PvP isn't just arcade gaming, it's a lot to do with second guessing both groups of players and individual players.
I'd be really interested in slightly more tactical gameplay. Taking WoW as a baseplate for my explanation, let's pretend everyone's got the three talent trees and can build one set of talents exclusively in each (as in no hybridization). Then, in longer fights, players could switch between styles as the need arose. Perhaps a new style doesn't kick in for twenty seconds after you choose to switch, so until then you have to make do.

It would allow players to explore complete mastery of their class and in-combat reassignment of roles.
How about exploration gameplay (looking around the world to discover things)? Or is that subsumed in other categories?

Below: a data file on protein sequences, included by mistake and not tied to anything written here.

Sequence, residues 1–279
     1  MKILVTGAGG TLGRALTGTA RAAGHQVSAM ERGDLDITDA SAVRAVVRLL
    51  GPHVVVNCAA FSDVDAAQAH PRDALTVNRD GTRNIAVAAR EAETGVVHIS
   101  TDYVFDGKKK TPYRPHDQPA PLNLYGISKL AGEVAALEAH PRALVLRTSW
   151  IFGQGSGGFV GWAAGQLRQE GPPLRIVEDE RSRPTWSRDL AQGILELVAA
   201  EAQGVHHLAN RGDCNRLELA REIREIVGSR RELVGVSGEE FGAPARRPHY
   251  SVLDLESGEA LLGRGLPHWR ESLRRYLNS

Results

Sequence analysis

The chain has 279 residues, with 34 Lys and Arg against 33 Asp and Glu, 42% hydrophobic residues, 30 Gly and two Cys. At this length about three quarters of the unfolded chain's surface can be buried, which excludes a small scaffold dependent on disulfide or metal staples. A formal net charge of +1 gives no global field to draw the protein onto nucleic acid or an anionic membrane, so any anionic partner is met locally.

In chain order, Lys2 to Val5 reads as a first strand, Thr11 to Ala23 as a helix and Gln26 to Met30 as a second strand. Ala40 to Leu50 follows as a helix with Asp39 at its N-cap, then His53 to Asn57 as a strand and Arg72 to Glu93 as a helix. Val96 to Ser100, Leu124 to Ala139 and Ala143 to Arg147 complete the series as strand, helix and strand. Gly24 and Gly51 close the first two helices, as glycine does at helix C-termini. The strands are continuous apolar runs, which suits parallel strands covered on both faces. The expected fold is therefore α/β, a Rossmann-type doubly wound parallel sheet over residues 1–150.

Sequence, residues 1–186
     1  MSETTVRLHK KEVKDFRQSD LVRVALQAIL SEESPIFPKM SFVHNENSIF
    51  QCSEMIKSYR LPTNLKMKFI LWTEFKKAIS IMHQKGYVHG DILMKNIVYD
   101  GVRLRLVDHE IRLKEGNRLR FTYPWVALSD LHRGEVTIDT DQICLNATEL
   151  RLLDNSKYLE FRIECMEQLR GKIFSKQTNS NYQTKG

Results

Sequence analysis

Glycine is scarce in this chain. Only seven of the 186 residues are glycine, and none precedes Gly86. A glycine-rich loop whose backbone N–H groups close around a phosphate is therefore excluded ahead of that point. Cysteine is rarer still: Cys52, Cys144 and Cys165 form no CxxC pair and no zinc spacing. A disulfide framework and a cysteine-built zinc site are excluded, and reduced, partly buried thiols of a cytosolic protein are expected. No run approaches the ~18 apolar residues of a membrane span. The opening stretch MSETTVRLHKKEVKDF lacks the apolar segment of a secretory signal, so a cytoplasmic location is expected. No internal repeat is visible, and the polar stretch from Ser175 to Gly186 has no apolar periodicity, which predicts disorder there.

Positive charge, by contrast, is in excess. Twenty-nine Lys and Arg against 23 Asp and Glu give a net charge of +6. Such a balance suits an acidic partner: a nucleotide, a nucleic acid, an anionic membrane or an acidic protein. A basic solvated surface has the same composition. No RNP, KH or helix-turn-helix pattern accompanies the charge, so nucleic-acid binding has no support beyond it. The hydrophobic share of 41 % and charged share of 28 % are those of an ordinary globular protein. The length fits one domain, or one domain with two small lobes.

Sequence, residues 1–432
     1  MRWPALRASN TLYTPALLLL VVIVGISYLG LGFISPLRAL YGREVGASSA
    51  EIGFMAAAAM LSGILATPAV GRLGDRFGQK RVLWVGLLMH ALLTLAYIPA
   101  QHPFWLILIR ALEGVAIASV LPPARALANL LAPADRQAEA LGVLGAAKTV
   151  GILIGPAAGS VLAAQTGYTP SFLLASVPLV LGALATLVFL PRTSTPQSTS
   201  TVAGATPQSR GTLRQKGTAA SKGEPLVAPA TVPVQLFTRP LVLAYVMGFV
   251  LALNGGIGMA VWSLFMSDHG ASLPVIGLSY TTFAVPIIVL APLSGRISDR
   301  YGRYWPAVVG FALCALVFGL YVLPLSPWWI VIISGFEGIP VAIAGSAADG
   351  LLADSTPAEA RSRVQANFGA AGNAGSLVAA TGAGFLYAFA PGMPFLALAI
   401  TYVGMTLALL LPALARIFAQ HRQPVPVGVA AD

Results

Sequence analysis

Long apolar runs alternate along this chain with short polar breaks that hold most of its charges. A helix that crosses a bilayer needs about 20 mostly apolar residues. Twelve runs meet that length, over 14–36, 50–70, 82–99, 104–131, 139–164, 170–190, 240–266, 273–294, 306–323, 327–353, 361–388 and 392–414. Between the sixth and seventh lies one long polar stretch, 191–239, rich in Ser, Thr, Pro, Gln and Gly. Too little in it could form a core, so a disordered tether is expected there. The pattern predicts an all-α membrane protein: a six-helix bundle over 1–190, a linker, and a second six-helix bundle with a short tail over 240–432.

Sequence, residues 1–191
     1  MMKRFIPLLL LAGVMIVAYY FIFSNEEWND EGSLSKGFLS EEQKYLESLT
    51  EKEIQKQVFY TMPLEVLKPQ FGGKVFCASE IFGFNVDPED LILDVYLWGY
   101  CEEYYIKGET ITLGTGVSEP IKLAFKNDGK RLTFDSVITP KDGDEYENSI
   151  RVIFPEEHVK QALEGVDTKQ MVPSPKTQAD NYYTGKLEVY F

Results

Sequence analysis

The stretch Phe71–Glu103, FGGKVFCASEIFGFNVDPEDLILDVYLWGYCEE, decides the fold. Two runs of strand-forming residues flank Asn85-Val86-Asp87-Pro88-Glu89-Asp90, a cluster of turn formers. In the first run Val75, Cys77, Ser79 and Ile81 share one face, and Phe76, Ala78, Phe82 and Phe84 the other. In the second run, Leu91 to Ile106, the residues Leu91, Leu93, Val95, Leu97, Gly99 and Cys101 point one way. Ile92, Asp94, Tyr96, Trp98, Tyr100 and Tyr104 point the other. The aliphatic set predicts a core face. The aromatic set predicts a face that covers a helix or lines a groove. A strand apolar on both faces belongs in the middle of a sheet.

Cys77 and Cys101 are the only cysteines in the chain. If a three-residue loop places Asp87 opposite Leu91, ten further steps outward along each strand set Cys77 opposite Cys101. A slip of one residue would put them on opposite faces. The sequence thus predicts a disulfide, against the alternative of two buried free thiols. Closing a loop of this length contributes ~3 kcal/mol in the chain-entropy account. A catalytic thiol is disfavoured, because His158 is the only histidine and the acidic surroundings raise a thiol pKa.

There also may be a gray area between arcade and planning gameplay. Wizard 101 combat has a little bit of time pressure but isn't really reflex-based.

I prefer a combination of the last three categories (planning, relaxed, and hanging out). Arcade gameplay isn't really my style.
Organisation of Social events (e.g. raids) is missing.

I'd say that it's covered by #2 and #4, depending on the expected intensity and size of the event.

Otherwise points 1 and 2 are really the same for me.
Depending on the game, #2 can be a prerequisite for #1. For example, if the enemy doesn't telegraph it's moves, you'll need both. Case in point:

PvP isn't just arcade gaming, it's a lot to do with second guessing both groups of players and individual players.

PvP has a lot of strategy to it, but has a high barrier of entry in the form of twitchy reaction times
Well, you didn't mention roleplaying :P

Then there's Home improvements.